Sticking plasters on sticking plasters
About 18 months ago I posted a blog suggesting that we would need to rethink the design of electricity markets to tackle some of the long-term challenges that will be posed by the future electricity system. The rise of renewables will mean that the electricity price in liberalised markets is low or near-zero for an increasing proportion of the time. This fundamental change in the cost structure of the sector – from variable per MWh costs to fixed per kW costs – means that a short-term energy market alone would not be sufficient to bring forward the required investment. But it is not clear that capacity markets are the answer either.
Capacity markets at breaking point
A recent consultation proposing changes to the GB Capacity Market highlights some of the emerging issues, and is indicative of some of the inherent contradictions in the prevailing market design. The mostly widely talked about change that was proposed by the consultation was a change in the treatment of storage technologies, which would lead to the capacity provided by short-duration storage being de-rated compared to longer-duration installations.
On the surface this is eminently sensible. In the extreme it is obvious that a system with a very large amount of short-duration storage would not be able to meet the energy requirements of the system. And therein lies the rub. This is an energy constraint. Is the capacity market really the right place for this sticking plaster?
Putting that more philosophical point aside, it is worth asking whether this constraint is likely to become an issue and undermine security of supply under the current market design.
It is true that most of the storage capacity currently being developed is short-duration storage. This is primarily because its main target is the ancillary service markets, especially frequency response. But these markets, although they will grow, will only ever be able to accommodate a finite amount of storage capacity. Any more significant growth in the development of storage projects is likely to be led by longer-duration storage projects that can access a wider range of earnings opportunities.
My analysis is presented in the figure below. This estimates the Equivalent Firm Capacity (EFC) of 1.0h and 1.5h storage installations as a function of the total storage capacity online. It has been proposed that the new de-rating factors are calculated using an EFC-based approach. I have made some simplifying assumptions, but the analysis suggests that even for a 1.0h battery no significant additional de-rating should be necessary until >1.5 GW of short-duration storage is committed.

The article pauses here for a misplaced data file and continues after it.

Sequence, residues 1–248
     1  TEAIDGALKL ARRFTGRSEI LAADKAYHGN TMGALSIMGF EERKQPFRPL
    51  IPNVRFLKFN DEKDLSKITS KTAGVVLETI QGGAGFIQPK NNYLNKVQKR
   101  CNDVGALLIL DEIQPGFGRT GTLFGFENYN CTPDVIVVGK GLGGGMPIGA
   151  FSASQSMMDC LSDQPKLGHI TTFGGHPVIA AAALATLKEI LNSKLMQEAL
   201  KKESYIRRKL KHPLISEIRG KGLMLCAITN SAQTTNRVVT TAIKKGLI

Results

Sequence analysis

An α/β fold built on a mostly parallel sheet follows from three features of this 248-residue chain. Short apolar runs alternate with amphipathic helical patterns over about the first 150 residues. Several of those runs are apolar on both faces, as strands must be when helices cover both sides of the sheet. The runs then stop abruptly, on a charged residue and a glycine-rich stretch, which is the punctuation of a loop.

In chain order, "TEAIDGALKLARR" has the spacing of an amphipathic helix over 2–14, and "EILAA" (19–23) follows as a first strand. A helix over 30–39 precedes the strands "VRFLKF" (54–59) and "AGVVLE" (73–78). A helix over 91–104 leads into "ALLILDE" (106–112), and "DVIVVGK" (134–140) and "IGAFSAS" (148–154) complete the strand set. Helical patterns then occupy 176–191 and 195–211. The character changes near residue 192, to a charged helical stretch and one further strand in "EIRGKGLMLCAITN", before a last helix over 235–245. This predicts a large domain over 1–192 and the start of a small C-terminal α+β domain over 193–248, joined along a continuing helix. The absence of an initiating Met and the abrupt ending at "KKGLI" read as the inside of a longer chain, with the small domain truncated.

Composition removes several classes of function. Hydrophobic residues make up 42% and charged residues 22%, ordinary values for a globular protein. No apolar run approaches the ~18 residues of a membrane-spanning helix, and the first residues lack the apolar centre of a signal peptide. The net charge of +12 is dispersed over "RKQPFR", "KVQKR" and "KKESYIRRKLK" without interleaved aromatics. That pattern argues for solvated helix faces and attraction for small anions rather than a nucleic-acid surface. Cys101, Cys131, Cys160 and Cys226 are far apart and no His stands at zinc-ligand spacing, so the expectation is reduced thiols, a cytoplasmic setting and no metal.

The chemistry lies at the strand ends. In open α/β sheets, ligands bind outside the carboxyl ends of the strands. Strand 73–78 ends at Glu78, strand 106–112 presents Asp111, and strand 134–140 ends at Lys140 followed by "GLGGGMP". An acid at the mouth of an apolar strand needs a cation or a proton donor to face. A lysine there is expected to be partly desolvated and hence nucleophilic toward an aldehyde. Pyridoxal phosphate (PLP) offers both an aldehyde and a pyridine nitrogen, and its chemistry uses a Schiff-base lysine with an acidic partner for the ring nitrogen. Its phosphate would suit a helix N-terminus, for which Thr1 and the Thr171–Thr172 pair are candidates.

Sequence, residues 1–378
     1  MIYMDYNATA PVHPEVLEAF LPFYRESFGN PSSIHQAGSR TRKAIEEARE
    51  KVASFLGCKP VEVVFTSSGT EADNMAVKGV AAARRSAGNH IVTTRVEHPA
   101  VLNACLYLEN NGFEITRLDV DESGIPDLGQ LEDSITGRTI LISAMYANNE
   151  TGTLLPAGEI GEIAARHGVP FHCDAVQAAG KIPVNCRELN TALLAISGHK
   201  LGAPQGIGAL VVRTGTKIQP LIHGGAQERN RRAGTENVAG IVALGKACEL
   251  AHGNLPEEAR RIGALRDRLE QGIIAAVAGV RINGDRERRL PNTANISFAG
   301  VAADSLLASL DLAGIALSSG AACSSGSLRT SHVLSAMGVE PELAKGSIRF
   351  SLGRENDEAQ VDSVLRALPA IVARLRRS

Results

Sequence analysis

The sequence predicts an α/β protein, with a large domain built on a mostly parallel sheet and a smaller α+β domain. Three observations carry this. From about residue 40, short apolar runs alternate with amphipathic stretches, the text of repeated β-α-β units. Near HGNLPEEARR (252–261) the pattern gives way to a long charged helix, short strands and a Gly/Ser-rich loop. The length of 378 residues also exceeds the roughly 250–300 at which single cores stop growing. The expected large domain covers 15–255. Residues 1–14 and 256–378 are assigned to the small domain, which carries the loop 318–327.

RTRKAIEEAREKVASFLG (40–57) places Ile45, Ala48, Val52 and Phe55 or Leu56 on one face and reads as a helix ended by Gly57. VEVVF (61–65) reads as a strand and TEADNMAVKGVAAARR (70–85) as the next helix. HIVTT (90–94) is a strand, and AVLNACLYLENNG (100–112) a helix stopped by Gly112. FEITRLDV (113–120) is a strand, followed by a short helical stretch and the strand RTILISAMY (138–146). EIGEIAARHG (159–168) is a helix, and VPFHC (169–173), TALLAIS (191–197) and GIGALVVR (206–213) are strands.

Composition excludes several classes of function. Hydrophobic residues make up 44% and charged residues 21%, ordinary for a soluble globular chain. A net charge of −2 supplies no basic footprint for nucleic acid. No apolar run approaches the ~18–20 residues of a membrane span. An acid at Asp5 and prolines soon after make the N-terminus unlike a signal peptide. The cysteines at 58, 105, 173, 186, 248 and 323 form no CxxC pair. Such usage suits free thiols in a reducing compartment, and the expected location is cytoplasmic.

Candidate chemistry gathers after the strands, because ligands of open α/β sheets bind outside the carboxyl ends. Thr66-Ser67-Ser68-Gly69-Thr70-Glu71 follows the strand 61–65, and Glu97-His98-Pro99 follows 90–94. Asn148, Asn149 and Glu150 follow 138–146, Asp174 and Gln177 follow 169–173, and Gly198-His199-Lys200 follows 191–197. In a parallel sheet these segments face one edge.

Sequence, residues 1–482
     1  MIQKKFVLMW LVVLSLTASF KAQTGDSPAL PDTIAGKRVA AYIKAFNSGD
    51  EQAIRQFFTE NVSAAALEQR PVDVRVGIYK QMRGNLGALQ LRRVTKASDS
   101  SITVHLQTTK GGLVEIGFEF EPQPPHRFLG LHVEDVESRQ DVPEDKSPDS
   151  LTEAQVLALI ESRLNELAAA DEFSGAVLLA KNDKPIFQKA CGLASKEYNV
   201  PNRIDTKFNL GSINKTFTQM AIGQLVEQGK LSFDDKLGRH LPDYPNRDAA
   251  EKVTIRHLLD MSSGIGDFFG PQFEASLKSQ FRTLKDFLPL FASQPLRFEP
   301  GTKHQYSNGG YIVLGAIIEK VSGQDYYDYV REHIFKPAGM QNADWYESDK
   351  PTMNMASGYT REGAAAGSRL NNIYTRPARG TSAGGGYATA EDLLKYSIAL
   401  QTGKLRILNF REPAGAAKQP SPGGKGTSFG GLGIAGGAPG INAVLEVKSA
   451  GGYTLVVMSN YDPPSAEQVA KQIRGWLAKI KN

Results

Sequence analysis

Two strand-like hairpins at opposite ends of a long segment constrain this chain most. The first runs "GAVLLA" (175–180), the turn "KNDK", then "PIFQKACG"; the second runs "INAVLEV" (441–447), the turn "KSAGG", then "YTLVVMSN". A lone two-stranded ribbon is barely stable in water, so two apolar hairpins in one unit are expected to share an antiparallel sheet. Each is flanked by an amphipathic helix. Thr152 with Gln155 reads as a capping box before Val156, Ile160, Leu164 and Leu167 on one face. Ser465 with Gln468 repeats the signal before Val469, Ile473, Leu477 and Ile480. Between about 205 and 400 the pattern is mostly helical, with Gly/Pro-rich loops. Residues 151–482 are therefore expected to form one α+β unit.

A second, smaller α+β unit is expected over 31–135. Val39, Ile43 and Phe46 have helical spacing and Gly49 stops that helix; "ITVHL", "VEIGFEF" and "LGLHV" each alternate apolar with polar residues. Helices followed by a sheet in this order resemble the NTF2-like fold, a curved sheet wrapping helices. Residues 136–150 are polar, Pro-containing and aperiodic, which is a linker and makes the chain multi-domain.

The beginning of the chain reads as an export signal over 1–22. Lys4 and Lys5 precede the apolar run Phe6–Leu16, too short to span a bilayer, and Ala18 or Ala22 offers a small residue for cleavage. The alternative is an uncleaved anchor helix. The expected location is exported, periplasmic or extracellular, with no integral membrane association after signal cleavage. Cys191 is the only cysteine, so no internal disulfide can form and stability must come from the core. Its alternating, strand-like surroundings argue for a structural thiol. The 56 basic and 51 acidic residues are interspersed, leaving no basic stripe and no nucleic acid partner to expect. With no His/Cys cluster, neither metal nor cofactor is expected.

What are we buying anyway? Capacity or energy?
So, the analysis suggests that the debate on de-rating may be an unnecessary one. But does the debate itself suggest that a more fundamental rethink is necessary?
During the Electricity Market Reform process, a stable source of revenue was deemed to be required to plug a perceived ‘missing money’ gap. The Capacity Market was the result. But the outcome that consumers care about is energy adequacy. The energy transition is bringing forward an increasing number of solutions to ensure that this energy is then available when it is required.
Capacity is a means to an end, especially when the increasing flexibility of demand is considered. The radical changes that the sector faces over the coming years will mean that an ever-increasing number of patches are required to a market that itself began life as a patch.
It remains the case that investors are likely to demand instruments that provide longer-term certainty than the short-term energy market will be able to provide. But shouldn’t those instruments be focused on market outcomes? Surely we can design a longer-term energy market signal that both ensures we can maintain security of supply and that provides a long-term hedging opportunity for investors.